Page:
The Nyaya program — Hindi for justice — is being developed by ASAP Board Member Ashok Acharya, a longtime faculty member at Delhi University, with support from ASAP Chair Thomas Pogge at Yale University and Board Member Luis Cabrera at the University of Birmingham. The three partnered to secure funding from the British Council which will support short-term doctoral student exchanges, a major conference in Spring 2014, \’Global Justice and the Global South,\’ at Delhi University, and a doctoral student workshop at Birmingham, along with a continuing seminar series at Delhi.

\”Setting up a global justice programme in India, and especially at the University of Delhi, has been a dream project that I have been nurturing for the past 10 years or so,\” Acharya said. \”I\’m sure, once established, this will grow from strength to strength and bring together the best of the minds from across the world and apply them to resolve key global inequities.\”

Pogge said he sees the project as \”bringing together three strong and dynamic research communities into sustained collaboration. This is a highly cost-effective way of enhancing the global Delhi Universityjustice work each of these communities is already doing: improving its quality, extending its reach and strengthening its practical impact. We are very grateful to the British Council for this far-sighted and profoundly important initiative.\”

Mobility exchange students from Delhi will be hosted by Yale\’s Macmillan Center Global Justice Programme, and at Birmingham in the Centre for the Study of Global Ethics.

The Nyaya progamme\’s development is funded through the British Council’s Trilateral Research in Partnership (TRIP) Awards, the first strand of the successful UK-India Education and Research Initiative (UKIERI) to partner with the United States.

For more information, contact Luis Cabrera at


ASAP Delhi Students Chapter Launches with Expert Workshop on Food Security and Exclusion in India

Members of the new ASAP Students chapter at Delhi-area universities staged a successful launch workshop bringing together experts on food security and exclusion. Students from the University of Delhi, Jawaharlal Nehru University and Ambedkar University Delhi came together on the Delhi University campus to engage on crucial issues of poverty, to strategize and elect officers for the new chapter.

They were joined by a five-member delegation from the ASAP Students chapter at the University of Birmingham in the UK, as well as by ASAP Board Chair Thomas Pogge, who was visiting Delhi to speak to various audiences about his Health Impact Fund initiative. Pogge led the students in dialogue about current and potential ASAP projects, and ways in which the two chapters could work together to have concrete impact on poverty-related issues in India, the UK and elsewhere.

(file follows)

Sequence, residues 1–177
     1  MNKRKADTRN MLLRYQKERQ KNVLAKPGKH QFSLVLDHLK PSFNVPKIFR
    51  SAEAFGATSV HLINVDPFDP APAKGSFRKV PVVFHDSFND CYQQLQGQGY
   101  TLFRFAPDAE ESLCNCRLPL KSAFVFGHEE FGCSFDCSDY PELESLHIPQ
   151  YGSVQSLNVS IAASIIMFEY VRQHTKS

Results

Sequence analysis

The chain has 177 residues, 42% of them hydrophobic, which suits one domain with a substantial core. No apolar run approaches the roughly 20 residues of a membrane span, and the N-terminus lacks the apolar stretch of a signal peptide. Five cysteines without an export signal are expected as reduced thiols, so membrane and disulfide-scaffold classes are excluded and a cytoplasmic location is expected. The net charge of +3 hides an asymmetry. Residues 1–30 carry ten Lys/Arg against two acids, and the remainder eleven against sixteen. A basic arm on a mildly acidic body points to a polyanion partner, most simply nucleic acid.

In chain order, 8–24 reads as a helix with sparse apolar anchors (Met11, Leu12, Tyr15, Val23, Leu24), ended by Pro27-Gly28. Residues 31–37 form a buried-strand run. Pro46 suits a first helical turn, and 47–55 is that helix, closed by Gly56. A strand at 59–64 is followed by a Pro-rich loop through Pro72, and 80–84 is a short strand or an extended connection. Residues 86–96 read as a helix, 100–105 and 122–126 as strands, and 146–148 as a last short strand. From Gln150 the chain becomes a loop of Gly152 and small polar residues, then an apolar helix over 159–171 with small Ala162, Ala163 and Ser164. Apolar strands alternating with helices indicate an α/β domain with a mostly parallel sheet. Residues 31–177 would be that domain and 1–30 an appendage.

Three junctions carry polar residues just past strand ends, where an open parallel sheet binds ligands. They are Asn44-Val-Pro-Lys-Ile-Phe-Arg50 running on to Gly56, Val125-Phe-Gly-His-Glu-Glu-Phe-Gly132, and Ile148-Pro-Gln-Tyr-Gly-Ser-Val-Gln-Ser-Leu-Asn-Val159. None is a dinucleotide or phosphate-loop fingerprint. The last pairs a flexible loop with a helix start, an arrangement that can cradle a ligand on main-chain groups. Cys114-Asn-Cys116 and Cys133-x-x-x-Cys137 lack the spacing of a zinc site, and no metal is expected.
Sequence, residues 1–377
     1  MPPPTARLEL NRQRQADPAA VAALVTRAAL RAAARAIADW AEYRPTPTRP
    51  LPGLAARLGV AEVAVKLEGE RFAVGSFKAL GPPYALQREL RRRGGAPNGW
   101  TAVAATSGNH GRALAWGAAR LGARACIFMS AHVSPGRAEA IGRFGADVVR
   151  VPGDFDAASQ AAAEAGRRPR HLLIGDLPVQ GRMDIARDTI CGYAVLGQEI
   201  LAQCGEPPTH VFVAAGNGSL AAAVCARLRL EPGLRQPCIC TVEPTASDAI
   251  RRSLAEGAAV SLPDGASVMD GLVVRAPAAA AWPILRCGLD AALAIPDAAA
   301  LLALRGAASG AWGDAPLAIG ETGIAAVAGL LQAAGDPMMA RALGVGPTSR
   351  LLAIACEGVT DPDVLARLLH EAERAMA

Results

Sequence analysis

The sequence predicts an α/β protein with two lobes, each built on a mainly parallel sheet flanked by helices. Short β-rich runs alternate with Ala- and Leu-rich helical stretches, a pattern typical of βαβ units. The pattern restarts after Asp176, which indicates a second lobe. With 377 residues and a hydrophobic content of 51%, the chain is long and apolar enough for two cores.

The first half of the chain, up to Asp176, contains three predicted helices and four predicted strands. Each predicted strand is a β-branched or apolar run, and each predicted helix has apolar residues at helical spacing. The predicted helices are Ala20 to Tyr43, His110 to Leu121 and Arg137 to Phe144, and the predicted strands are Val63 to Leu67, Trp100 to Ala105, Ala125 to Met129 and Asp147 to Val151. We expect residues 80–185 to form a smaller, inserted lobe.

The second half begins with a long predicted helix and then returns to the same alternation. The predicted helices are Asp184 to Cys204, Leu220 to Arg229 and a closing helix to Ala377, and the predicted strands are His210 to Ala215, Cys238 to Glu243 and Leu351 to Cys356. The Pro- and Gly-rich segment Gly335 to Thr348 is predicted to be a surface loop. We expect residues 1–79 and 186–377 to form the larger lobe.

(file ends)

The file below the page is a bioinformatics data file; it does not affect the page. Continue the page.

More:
Suparna  Priyadarshini, a PhD student at Delhi University, was selected as the first Chair of the Delhi ASAP Students chapter, and several other members were chosen for officer posts. The group will be advised by Dr. Ashok Acharya, ASAP Board member and Associate Professor of Political Science at DU. An initial emphasis at the chapter will be the inauguration of the All Rights India project, aimed at helping the very poor learn about and actually claim their social entitlements.

At the July 19 workshop, discussion focused initially on problems with the way India’s government counts the poor. Utsa Patnaik, professor emeritus of economics at JNU, provided detailed evidence showing that the number of those unable to buy sufficient food has dramatically increased in recent years, even as government poverty-line figures have decreased. Dr. Arindam Banerjee, assistant professor of economics at Ambedkar University, provided further detail on ways in which the government\’s counting methods ignore recent worsening of conditions in how the poor actually live. In terms of access  to food, shelter, decent housing and other indicators, he said, India\’s new economic dynamism has not filtered down to the poor.

Narayan Sukumar Associate Professor at Delhi University, gave an impassioned talk about the persistence of discrimination against lower-caste persons in universities across India, as well as outside the academic sector. Despite laws formally banning caste discrimination, he noted, it remains pervasive in virtually all aspects of university life and the broader Indian social context.

For information on the ASAP Students Delhi chapter, including on how to join, contact Suparna Priyadarshini at


Academics Campaign on India\’s Missing Girls

In this article, Delhi University faculty member Bijayalaxmi Nanda details the efforts of academics, students and activists to challenge deep discrimination against girl children and women in India. / Census data affirms that sex-selective abortion has become increasingly prevalent in India, including among the urban and rural poor. Government attempts to regulate the practice are often harsh or manipulative, and unscrupulous medical practitioners play a significant role…